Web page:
Nigeria to review bilateral treaty with Netherlands to improve economic ties
Nigerian Tribune | 7th June 2023
By Kazeem Biriowo
The Nigerian government and the Kingdom of Netherlands have engaged in an Economic Consultation to improve the existing bilateral investment treaty between both countries to strengthen economic interests and opportunities.
The Permanent Secretary, Ministry of Foreign Affairs, Adamu Lamuwa, at the opening of the Economic Consultation on Tuesday in Abuja, said that discussion would also be opened or the establishment of a joint Bi-national Commission.
Lamuwa, who was represented by the Director, Trade and Economic Relations in the Ministry of Foreign Affairs, Bolaji Akinremi said that the economic consultation was timely as rebuilding the nation’s economy is the focus of the new administration.
He explained that the gathering of professionals would foster productive dialogue on Nigeria-Netherlands Economic Cooperation, the Investment Promotion and Protection Agreement (IPPA), Avoidance of Double Taxation Agreement (ADTA), and other legal frameworks.
“During this Economic Consultation, Nigeria is willing to explore further areas of economic cooperation with the Netherlands in Agricultural value chain, secular economy, renewable energy, waterways management and water scarcity.
“Other areas are Oil and Gas, Special Economic Zones, African Continental Free Trade Area (AfCFTA), Economic Community of West African States (ECOWAS) and Trade facilitation in Western Africa, Science, Technology and Innovations (STI) Education and Health.
“Mines and Metallurgy, Arts and Crafts, Tourism, Creative and Entertainment Industry, Small and Medium Enterprises Development, Aviation, Anti-Money Laundry and Counter Financing Terrorism (AML/CFT) / General Security matters. Digital Economy and FINTECH.”
He noted that in spite of the long standing bilateral relations between Nigeria and the Netherlands, there was no Joint/Bi-National Commission Agreement between the two countries.
“Negotiation for the establishment of a Joint Commission has been inconclusive since 1987.
“Against this background, the Government of Nigeria would like to reopen the negotiation for the establishment of a Joint/Bi-National Commission Agreement, as this would further consolidate and boost the relations between the two countries,” he added.
In her remarks, the vice-minister for Foreign Trade of the Kingdom of Netherlands, Hanneke Schuiling, said the Dutch government attaches importance to strengthening the bilateral economic relationship with Nigeria, its fifth trading partner in Africa.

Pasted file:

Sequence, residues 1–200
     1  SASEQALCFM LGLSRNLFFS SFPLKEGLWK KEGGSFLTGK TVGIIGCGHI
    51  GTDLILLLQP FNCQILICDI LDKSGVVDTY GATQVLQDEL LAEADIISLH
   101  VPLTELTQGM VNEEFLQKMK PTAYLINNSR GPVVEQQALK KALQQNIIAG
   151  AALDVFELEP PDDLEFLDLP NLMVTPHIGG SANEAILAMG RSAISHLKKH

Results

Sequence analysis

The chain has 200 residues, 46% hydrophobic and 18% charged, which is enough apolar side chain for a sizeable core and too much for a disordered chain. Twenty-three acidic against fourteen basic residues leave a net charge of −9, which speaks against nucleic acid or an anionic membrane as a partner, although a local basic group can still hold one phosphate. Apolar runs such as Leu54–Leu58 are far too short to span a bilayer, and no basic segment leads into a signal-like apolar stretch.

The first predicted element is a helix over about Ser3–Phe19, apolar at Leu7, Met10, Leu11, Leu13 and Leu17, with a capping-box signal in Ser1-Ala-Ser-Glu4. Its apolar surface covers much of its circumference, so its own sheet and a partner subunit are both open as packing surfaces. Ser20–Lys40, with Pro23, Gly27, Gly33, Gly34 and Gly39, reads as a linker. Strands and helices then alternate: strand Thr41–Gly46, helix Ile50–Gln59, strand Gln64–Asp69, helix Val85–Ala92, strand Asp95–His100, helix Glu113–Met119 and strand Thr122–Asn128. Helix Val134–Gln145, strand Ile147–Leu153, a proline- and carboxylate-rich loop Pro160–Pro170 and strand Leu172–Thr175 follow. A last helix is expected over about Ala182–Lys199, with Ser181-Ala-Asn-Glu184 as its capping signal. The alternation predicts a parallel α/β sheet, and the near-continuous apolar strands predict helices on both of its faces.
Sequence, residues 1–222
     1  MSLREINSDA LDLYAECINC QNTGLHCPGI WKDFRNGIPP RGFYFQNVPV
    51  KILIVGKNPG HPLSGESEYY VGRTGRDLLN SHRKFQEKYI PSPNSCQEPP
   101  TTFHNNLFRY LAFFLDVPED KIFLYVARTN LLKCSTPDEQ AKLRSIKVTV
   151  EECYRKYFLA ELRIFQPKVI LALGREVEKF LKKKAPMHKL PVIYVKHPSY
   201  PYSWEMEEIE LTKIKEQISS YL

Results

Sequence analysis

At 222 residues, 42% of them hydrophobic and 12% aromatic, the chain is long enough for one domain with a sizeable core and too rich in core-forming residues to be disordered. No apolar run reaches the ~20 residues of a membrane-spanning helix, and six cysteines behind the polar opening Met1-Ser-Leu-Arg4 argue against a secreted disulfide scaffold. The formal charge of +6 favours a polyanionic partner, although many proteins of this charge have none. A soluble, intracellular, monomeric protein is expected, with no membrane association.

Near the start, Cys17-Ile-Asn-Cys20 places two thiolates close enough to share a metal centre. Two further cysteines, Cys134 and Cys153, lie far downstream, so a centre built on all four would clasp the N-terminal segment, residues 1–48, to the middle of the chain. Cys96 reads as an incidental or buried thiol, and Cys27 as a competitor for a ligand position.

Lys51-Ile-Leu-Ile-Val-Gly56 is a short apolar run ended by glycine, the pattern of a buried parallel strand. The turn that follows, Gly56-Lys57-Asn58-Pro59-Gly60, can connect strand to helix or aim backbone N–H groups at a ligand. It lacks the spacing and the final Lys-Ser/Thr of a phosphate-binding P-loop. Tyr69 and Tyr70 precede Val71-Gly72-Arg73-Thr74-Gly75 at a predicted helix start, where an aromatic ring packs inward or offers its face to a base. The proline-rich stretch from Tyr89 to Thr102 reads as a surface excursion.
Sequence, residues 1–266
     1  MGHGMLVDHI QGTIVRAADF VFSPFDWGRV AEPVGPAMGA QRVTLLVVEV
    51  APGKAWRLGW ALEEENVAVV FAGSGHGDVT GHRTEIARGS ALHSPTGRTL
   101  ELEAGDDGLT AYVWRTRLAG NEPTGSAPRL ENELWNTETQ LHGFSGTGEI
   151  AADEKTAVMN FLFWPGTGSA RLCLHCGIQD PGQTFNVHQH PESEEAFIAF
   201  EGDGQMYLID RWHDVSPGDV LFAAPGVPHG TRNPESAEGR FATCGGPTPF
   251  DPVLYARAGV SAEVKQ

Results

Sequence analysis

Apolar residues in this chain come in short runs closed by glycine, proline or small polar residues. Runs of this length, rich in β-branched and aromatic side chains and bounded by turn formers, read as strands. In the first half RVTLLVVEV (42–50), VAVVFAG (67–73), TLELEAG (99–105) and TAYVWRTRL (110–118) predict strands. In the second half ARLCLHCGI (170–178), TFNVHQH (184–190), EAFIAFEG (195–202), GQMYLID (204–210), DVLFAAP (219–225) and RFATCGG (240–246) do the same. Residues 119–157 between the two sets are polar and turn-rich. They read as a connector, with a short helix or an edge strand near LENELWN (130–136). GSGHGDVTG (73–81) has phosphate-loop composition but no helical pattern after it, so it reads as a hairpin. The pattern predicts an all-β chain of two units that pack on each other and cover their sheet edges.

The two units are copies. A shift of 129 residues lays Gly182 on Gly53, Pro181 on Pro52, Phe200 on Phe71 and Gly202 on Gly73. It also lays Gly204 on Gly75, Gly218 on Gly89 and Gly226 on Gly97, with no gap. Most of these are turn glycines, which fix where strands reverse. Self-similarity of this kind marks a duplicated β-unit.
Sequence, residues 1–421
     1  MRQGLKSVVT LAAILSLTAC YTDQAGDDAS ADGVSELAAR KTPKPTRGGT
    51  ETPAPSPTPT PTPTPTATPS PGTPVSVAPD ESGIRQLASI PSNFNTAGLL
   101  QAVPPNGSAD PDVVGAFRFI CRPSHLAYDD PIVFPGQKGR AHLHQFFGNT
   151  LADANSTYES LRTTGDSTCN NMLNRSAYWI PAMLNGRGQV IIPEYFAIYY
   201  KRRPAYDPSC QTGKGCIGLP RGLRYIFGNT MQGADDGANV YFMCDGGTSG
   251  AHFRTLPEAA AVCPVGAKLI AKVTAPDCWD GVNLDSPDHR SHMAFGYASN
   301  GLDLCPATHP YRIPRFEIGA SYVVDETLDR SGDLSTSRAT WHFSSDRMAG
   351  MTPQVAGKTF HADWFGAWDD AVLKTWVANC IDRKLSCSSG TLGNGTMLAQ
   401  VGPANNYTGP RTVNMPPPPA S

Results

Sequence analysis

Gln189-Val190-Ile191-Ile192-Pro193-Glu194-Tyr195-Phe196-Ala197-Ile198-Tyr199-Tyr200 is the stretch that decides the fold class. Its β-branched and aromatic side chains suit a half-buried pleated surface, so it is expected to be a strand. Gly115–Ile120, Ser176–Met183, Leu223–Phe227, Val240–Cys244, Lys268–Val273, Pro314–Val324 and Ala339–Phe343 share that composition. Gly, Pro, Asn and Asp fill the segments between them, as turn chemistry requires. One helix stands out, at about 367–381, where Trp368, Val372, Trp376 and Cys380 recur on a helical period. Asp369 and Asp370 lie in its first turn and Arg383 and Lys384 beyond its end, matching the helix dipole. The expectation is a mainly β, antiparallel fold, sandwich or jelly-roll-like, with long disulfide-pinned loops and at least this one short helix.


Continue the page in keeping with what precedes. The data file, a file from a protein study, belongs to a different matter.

Ms Schuiling said that updating and modernizing the investment agreement between both countries will create a more stable and predictable investment environment.
“In this regard, we see a high potential in four areas in particular: –agriculture, IT, healthcare and renewable energy.
“As you may be aware, the current treaty was signed in 1992. Since then, both countries have experienced significant changes in their approach to international investments which can be adopted into a new treaty.
“It is important to modernize our treaty to reflect these changes. A modernized treaty can also foster stronger economic relations between our two nations.
“I hope we can seize the opportunity to mutually agree on a new investment treaty that reflects the evolving economic landscape and guarantees a fair and transparent investment climate for both parties.
“Firstly, we recognize the importance of promoting and protecting investments in both our countries. It is important that we facilitate investments and that we provide a transparent legal framework to investors. This will be crucial to fostering investor confidence.
“At the same time, we need to ensure that our respective governments’ right to regulate is enshrined in the treaty.
“Secondly, incorporating sustainable development and responsible business conduct in this treaty is another element that we feel is very important. These topics are increasingly important in trade and investment agreements.
“Thirdly, it is our ambition to include provisions for transparent and predictable dispute settlement procedures. This will provide both governments and investors with greater certainty and confidence in the investment process.”
Meanwhile, the Director General of Nigeria Maritime and Safety Agency (NIMASA),Bashir Jamoh said that the agency looked to partnering with the Netherlands as a maritime nation to develop Nigeria’s blue economy to become the nation’s main source of revenue.
“What we are advocating now is the issue of the blue economy, and already, the federal government has inaugurated a committee to look into ways of harnessing our blue economy.
“The Netherlands having been a maritime nation, they owe it a duty to join hands together and see how we can continue to build and expand our own fleets, the ships, small ships, the fishing trollers, passenger ferries, instead of using small canoes that every day we record accidents.
“The fishing industry used to give Nigeria the second largest income, today, because of the extinction of these fishing trollers we no longer have any sizable income from our fishing.
“We are doing what we can explore from the over 2.5 trillion dollars’ worth of ocean resources.”